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Does Arthroscopic Shoulder Surgery Work?

A new study shows that avoiding surgery may be just as effective

Does Arthoscopic Shoulder Surgery Work?


To address some chronic shoulder pain, a small instrument is used to scrape away excess mass.

En español | Arthroscopic surgery for chronic shoulder pain may not be as effective as once thought, according to a new study in the medical journal the Lancet.

As the first known study of shoulder surgery to include a placebo comparison, the research was designed to test the effectiveness of decompression surgery, a minimally invasive procedure to alleviate the kind of age-related shoulder pain some feel when moving the arm in an arc, reaching up to grab something off a shelf, or sleeping on the side. More of a wear than tear issue, the ache from what doctors call such “shoulder impingement” ranks below the intense discomfort of a torn rotator cuff. It is believed to arise when extra bone or soft tissue interferes with the rotator cuff tendons and the upper tip of the shoulder blade. To fix it, a small instrument to scrape away the excess mass is inserted through an incision in your shoulder.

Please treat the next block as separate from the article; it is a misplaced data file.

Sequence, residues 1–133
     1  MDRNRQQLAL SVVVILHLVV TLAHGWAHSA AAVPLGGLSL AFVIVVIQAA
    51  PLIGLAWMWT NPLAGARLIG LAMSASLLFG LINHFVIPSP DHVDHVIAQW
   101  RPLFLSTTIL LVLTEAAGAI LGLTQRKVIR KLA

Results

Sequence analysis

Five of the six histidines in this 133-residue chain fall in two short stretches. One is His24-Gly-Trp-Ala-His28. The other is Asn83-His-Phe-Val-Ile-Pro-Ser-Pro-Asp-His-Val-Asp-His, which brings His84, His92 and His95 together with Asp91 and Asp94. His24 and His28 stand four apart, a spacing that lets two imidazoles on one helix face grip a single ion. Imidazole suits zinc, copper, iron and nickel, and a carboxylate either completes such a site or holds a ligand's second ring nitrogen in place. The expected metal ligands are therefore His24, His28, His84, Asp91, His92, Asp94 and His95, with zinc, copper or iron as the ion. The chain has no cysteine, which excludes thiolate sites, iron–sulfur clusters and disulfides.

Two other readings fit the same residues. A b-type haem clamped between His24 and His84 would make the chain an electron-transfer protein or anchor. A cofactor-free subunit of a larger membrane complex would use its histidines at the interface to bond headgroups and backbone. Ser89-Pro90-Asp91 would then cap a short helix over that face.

The new randomized study of 313 patients across 32 hospitals showed that real surgery compared with both placebo surgery (participants left with a small incision in their shoulder, just like real surgery recipients) and no intervention at all were clinically equal in addressing shoulder pain.

Speaking to NPR, the study’s lead author, David Beard, professor of musculoskeletal sciences at the University of Oxford, explained that the results were taken from patient surveys on pain and shoulder function filled out six months after receiving real, fake or no surgery. In short, he says, “There was no difference between the placebo surgery and the surgery which took the bone and tissue away," adding that his findings suggest doctors should rethink doing the procedure at all.

Ronald Navarro, fellow of the American Academy of Orthopaedic Surgeons, said that the surgeons he oversees in Southern California already generally back away from arthroscopic shoulder surgeries in favor of more conservative treatments involving injections or physical therapy — unless imaging clearly shows "an obvious culprit of the pain," like a downward-facing bone spur that looks like a stalactite. Navarro says his hunch is that a larger study might help "tease out if there is a subset that might be helped" by arthroscopic shoulder surgeries in very specific cases that fall under shoulder impingement.

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